‘Gympie-Gympie’ is hardly the name you’d expect for a stinging-tree. It looks quite harmless too, but in reality, the Gympie-Gympie is one of the most venomous plants in the world. Commonly found in the rainforest areas of north-eastern Australia, the Moluccas and Indonesia, it is known to grow up to one to two meters in height.
In fact, the Gympie-Gympie sting is so dangerous that it has been known to kill dogs, horses and humans alike. If you’re lucky enough to survive, you only feel excruciating pain that can last several months and reoccur for years. Even a dry specimen can inflict pain, almost a hundred years after being picked!
With the exception of its roots, every single part of the deadly tree – its heart shaped leaves, its stem and its pink/purple fruit – is covered with tiny stinging hairs shaped like hypodermic needles. You only need to lightly touch the plant to get stung, after which the hair penetrates the body and releases a painful toxin called moroidin. Sometimes, merely being in the presence of the plant and breathing the hair that it sheds into the air can cause itching, rashes, sneezing and terrible nosebleeds.
Photo: Wikimedia Commons
According to virologist Dr. Mike Leahy, “The first thing you’ll feel is a really intense burning sensation and this grows over the next half hour, becoming more and more painful.”
“Shortly after this, your joints may ache, and you might get swelling under your armpits, which can be almost as painful as the original sting. In severe cases, this can lead to shock, and even death. And if you don’t remove all the hair (from your skin), they can keep releasing the torturous toxins for up to a year.”
Photo: DAHS AP Biology
The Gympie-Gympie serves as an unexpected hazard in rainforest clearings for foresters, surveyors and timber workers. Even scientists who are aware of the plant’s notoriety can sometimes become unsuspecting victims. That’s why most professionals do not venture out into such areas without respirators, thick gloves and anti-histamine tablets.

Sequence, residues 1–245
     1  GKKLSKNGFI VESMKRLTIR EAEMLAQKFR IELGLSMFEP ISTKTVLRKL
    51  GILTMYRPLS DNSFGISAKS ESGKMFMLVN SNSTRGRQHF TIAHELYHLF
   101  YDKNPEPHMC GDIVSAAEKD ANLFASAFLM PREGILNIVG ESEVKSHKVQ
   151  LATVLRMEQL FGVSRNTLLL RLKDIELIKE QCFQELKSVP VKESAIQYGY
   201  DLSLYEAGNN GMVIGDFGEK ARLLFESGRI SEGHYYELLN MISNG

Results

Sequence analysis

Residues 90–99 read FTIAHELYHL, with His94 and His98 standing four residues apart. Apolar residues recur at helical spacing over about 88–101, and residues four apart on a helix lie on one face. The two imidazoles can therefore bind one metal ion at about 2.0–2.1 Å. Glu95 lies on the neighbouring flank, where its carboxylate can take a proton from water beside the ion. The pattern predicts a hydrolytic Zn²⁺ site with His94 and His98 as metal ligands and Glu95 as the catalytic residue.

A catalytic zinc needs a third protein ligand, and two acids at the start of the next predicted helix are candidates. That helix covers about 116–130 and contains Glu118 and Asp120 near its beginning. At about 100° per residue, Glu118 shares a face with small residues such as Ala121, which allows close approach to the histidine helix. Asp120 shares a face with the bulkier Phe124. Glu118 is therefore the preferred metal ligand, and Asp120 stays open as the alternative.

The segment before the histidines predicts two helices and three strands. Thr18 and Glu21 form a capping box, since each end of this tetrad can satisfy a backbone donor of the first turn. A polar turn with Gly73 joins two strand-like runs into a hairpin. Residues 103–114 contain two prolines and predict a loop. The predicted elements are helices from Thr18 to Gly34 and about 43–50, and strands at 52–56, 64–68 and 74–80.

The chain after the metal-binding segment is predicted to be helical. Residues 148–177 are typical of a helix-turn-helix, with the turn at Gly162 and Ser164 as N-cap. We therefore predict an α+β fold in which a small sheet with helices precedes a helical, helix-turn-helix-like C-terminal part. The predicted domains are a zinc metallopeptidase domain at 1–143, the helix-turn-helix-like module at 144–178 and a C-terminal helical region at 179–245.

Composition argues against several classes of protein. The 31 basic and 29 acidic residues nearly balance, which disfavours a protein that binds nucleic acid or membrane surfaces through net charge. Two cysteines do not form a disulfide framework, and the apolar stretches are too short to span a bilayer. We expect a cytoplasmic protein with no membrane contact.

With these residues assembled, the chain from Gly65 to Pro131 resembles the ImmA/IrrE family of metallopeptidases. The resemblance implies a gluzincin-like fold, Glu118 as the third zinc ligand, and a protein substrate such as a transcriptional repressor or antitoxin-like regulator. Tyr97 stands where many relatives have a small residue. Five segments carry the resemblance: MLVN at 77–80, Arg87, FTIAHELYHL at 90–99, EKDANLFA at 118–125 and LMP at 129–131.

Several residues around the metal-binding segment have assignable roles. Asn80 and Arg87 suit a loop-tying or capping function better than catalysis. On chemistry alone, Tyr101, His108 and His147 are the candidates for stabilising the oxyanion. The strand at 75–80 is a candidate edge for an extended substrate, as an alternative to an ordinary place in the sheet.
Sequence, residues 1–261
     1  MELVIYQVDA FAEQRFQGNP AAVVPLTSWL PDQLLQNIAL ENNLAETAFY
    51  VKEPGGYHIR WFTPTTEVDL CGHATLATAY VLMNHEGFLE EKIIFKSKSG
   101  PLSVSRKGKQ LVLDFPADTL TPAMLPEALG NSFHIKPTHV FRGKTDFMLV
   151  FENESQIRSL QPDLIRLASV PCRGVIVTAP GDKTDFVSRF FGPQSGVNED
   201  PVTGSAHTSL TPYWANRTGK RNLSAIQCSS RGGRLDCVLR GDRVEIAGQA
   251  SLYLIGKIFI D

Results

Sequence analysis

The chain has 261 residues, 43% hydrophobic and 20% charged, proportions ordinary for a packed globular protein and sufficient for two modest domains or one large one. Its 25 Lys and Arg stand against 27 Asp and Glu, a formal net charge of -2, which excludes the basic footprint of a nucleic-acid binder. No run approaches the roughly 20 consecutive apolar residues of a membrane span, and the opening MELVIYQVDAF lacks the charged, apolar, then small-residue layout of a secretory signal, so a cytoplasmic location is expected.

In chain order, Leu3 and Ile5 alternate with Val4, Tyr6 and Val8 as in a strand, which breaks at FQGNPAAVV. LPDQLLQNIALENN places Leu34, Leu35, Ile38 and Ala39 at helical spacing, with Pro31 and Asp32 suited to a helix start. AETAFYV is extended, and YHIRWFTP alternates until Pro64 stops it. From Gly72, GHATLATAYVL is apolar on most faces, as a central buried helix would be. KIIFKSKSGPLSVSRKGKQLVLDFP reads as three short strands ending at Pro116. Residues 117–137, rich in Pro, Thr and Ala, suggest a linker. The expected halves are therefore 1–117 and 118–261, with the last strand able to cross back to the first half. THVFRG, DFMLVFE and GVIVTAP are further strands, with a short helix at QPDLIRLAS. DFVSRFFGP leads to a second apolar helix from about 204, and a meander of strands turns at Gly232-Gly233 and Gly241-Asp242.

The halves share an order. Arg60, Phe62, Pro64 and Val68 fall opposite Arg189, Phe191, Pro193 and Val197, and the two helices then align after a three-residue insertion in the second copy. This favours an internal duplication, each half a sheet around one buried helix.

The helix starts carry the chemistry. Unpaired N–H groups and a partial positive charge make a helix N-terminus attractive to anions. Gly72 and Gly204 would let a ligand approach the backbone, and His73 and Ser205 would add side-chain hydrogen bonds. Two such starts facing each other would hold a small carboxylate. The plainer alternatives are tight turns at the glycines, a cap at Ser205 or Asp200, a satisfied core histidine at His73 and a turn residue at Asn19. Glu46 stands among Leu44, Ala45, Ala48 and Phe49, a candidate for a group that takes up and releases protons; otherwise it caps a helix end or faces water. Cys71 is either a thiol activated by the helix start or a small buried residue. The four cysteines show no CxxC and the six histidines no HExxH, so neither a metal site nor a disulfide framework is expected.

“Being stung is the worst kind of pain you can imagine – like being burnt with hot acid and electrocuted at the same time,” said entomologist and ecologist Marina Hurley, who was stung during the three years she spent in Queensland’s Atherton Tableland. She was a postgraduate student at James Cook University at the time, investigating the herbivores that eat stinging trees.
“The allergic reaction developed over time, causing extreme itching and huge hives that eventually required steroid treatment. At that point my doctor advised that I should have no further contact with the plant and I didn’t object.”
Photo: Dusty Miller
One of the first people to document the adverse effects of the Gympie-Gympie sting was North Queensland road surveyor A.C. Macmillan, who reported to his boss in 1866 that his packhorse was ‘stung, got mad, and died within two hours’. Local folklore is also filled with similar tales of horses in agony jumping off cliffs and forestry workers drinking copiously in order to dull the pain.
In 1994, Australian ex-serviceman Cyril Bromley described how he happened to fall into the tree during military training. He was subsequently strapped to a hospital bed for three weeks and administered all sorts of treatments that proved unsuccessful. He described it as the worst period of his life, when the pain made him ‘as mad as a cut snake’. He also told the story of an officer who shot himself after using a leaf for ‘toilet purposes’.
Photo: Australian Geographic
Most of the known cures for a Gympie-Gympie sting are rather rudimentary. Analgesics are usually prescribed for minor exposures to the plant. An innovative local remedy involves sticking a plaster or a hair waxing strip in order to rip all the toxic hairs away from the skin!
Interestingly, the British Army is believed to have displayed unusual interest in the properties of the Gympie-Gympie and its sinister applications in the late 1960s. The Chemical Defense Establishment at Porton Down (a top-secret laboratory that developed chemical weapons) contracted Alan Seawright in 1968, asking him to provide specimens of the stinging tree. Alan, who was then a Professor of Pathology at the University of Queensland, said: “Chemical warfare is their work, so I could only assume that they were investigating its potential as a biological weapon.”
“I never heard anything more, so I guess we’ll never know,” he added.